For our 100th episode, a regular guest on our show, Caleb Brown, returns to discuss his Quakertarian life.
Not all arguments in support of free speech are good ones.
Phil Magness joins us to discuss the history of taxation in America, which sheds light on how we got to the convoluted system we have today.
We should take a collective deep breath before proposing tech-related legislation in the wake of a mass shooting.
When the American revolutionaries declared their independence, it was founded on a solid thousand years of English history.
What is the basis of class status?
Escher and his “radical liberal” comrades provide an interesting case study of Switzerland throughout industrialization.
James Madison would have turned 268 on March 16, 2019, so in honor of that, we explore his political life.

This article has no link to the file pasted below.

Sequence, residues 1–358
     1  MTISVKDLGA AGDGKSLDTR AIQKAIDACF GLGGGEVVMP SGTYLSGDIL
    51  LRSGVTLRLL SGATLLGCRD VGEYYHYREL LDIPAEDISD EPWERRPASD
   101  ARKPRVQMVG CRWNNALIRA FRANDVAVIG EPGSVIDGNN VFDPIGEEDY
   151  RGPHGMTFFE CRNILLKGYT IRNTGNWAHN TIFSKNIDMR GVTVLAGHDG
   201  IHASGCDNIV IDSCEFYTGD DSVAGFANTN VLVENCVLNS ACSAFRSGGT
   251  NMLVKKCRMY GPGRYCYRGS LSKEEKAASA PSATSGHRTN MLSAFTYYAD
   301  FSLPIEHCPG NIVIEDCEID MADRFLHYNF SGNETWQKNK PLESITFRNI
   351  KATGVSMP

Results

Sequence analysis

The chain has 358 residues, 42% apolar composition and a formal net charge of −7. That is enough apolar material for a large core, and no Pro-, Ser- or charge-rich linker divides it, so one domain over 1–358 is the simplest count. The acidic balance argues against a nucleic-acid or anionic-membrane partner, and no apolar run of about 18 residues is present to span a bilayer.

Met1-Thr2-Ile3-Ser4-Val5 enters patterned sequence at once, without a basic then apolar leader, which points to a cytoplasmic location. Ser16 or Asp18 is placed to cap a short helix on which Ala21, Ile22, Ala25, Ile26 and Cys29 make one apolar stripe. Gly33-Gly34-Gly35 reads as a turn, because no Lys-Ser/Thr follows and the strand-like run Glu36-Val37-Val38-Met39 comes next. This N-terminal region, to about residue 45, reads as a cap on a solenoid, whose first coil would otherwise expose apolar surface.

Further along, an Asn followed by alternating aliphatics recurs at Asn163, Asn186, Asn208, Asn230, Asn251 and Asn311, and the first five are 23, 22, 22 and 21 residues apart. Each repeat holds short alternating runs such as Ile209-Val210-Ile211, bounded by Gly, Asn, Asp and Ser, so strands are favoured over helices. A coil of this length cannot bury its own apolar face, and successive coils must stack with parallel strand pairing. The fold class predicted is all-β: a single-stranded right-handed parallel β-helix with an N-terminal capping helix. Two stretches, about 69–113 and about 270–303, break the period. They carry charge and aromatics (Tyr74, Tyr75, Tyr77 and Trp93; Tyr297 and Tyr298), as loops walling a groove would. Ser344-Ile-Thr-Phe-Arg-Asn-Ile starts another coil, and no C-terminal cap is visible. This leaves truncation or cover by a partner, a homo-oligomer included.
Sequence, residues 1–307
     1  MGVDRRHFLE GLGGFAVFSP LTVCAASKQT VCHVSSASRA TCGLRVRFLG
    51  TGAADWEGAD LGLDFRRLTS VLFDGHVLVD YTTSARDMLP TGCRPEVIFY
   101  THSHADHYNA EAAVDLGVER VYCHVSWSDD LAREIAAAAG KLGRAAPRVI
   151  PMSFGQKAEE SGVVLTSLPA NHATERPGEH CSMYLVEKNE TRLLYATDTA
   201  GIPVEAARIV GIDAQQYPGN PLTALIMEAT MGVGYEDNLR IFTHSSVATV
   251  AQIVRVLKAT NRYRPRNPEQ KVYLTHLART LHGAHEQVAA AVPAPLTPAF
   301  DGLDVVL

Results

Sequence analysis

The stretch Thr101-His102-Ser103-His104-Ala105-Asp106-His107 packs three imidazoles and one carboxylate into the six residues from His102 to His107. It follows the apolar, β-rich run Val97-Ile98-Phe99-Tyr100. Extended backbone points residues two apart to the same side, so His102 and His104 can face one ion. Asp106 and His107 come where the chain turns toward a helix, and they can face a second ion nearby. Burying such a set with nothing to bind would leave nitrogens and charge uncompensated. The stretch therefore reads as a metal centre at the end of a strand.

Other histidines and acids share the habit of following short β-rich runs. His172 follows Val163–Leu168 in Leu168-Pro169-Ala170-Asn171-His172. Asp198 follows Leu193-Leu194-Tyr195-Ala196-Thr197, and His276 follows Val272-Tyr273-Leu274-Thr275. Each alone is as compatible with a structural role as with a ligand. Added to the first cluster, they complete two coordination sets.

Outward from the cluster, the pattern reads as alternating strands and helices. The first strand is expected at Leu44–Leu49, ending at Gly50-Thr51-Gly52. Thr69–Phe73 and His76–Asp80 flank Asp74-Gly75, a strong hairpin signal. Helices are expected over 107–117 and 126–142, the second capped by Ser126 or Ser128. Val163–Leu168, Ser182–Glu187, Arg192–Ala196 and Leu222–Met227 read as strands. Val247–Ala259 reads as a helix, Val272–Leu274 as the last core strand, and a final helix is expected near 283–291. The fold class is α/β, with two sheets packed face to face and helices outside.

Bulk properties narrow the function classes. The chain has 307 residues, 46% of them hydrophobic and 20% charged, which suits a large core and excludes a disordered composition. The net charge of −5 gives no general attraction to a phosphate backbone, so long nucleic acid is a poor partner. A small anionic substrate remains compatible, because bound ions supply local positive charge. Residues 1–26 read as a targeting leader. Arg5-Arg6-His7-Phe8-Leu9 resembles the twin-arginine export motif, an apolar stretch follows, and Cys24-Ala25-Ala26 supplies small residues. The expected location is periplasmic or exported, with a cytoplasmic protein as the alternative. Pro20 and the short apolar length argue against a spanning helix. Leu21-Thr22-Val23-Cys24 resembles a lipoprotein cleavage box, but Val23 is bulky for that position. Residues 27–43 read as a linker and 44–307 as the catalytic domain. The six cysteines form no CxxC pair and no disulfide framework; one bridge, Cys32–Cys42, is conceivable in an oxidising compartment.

For the Ostroms, the key insight was that we need to find ways to encourage collective action so as to avoid the need for coercion.
Jim Cantrell explores the vast opportunities in space with us, but one thing he makes clear is that no one would benefit from a war in space.
Was Harry Truman one of the worst terrorists of all time? If words mean anything anymore—then absolutely, yes.
The Civil War was no clean contest between clear factions, no great battle between slavery and freedom, nor even a political war between the states.
Jonathan Blanks returns to discuss how versions of liberty were promoted by Martin Luther King, Jr. and Malcolm X during the Civil Rights Movement.
A dog is man’s best friend, basically the presence of a faithful companion, is one explanation for the rise in pet ownership.
Our author concludes with a resounding call for Martin Van Buren, free soil, free speech, free labor, and free peoples the world over.
Anthony interviews Nicholas Mosvick to discuss the issue of conscription during the Civil War and its’ lasting impact.
Our author continues his assault on slavery by declaring that the world had advanced too far to allow slavery any further.